The sales enablement org is usually a small team, maybe even a one man show, which means getting things done hinges on your ability to work cross-functionally, influence others and crowdsource the information and support you need. This feels obvious, but so often I find that Sales enablement is disconnected from the other sales support organizations. What is your rhythm with sales operations, product marketing, demand generation, and so forth? Each of these teams is also trying to support the revenue cycle and their work has to be integrated with yours. When a new white paper comes out, does the field receive it in a mass email (which they promptly delete), or do you help coordinate with a brief on the asset — overview of the key points, why it was developed, how and when it should be used, and supporting collateral like email templates, campaigns, lists, etc.?
I’m going to add my own fifth point here: understand your minimum viable product. A great product manager is able to balance short-term and long-term thinking. They know they need to regularly release small features, enhancements and bug fixes, but they also have a long-term vision for the product, where the market is headed and how the company can stand out. If you talk to your VP of sales or CRO I can guarantee they are not looking for perfect. They are looking for incremental improvements to their sales team’s performance. Yes, he or she needs visibility into the sales enablement roadmap and should have a big say in what’s coming next, but speed is key. A MVP is not an excuse for a half-assed effort or outcome, but if expectations are set clearly and communication is strong, it can be used as a way to test, gather feedback and ensure you are building something great.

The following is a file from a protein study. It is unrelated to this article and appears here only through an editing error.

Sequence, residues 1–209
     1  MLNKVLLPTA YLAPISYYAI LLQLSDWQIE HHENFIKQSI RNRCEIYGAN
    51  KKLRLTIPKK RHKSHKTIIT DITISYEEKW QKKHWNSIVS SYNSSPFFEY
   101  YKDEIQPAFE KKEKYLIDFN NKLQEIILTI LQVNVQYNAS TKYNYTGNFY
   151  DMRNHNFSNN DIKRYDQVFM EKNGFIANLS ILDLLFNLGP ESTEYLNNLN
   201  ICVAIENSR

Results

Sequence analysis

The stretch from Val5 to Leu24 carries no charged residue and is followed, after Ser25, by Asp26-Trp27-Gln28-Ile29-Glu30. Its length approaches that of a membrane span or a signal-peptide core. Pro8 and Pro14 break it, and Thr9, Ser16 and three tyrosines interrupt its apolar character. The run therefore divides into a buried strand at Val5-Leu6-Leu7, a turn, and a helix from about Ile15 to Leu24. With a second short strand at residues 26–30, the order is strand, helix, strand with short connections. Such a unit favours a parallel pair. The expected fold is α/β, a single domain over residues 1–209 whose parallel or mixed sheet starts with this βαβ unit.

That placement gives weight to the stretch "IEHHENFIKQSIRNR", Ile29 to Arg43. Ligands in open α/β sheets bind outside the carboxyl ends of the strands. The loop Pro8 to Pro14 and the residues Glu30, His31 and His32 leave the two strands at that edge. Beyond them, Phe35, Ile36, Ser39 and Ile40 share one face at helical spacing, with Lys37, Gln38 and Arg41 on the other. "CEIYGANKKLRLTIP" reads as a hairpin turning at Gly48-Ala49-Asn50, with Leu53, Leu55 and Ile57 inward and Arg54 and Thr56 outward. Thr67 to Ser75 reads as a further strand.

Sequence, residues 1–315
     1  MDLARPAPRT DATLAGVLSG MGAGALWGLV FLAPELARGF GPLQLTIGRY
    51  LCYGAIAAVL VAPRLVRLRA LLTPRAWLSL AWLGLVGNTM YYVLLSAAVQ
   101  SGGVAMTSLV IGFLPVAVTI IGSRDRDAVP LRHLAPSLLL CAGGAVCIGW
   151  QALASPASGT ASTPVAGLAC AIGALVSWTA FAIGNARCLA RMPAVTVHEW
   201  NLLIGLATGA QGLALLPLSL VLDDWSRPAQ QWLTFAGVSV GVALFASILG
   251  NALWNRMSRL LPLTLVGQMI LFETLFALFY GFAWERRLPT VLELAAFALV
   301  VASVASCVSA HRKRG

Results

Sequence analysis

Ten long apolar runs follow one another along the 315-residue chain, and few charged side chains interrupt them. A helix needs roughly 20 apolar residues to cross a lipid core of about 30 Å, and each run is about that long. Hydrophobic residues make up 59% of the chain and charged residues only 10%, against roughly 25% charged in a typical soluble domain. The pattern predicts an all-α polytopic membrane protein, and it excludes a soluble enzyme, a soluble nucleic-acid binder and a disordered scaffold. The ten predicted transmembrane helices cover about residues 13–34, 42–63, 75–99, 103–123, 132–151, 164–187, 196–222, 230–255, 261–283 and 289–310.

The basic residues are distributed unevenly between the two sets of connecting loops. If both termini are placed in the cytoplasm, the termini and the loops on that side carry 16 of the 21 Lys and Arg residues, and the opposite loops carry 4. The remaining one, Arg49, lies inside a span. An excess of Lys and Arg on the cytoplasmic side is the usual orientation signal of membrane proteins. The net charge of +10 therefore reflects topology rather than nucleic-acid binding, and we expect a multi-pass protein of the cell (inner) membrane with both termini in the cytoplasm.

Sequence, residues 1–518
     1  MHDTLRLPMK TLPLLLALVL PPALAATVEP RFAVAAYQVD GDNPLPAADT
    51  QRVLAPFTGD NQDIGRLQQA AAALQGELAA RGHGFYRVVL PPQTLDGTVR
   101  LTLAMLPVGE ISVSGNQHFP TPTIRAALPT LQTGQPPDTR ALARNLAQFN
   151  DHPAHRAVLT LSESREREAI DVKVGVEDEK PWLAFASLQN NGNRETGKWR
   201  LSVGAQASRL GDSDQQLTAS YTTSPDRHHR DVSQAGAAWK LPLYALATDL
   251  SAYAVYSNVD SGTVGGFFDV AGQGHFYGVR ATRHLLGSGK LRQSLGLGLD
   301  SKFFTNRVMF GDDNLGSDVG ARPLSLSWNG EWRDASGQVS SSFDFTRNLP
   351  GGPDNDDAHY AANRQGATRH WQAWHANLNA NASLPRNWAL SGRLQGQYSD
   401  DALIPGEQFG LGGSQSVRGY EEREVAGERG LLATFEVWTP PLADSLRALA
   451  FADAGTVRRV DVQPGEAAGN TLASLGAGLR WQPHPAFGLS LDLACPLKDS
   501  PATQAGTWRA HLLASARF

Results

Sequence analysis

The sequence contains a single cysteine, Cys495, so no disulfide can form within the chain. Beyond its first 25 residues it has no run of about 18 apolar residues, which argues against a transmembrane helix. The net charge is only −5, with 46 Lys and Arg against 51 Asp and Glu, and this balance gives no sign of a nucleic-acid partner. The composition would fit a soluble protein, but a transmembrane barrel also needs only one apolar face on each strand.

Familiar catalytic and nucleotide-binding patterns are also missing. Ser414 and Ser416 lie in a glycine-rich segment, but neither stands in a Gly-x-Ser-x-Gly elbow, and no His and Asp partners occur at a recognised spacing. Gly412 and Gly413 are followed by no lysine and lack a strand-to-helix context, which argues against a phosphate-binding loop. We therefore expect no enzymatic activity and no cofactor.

To be successful in sales enablement you have to get comfortable with iterating quickly. Even if things are humming today, your company will release a new product (or a competitor will), the hiring profile of your sales org will change or new new tools will be added to your stack – get ready to adapt.
This is not an overnight shift. It’s going to take time to instill these product management characteristics in your work especially when you are dealing with limited time and resources. As a result, it’s wise to focus on a few core initiatives, ship product quickly and make adjustments to your roadmap based on initial customer feedback. Don’t risk building training assets/collateral or processes that don’t end up being used. Instead, build a deliverable to address the key requirements and provide value quickly while making adjustments along the way to the final “perfect” deliverable.
The team over at Rekener has started a community for sales ops professionals to ask questions and share insights/best practices. If you aren’t a member, you can request an invite here.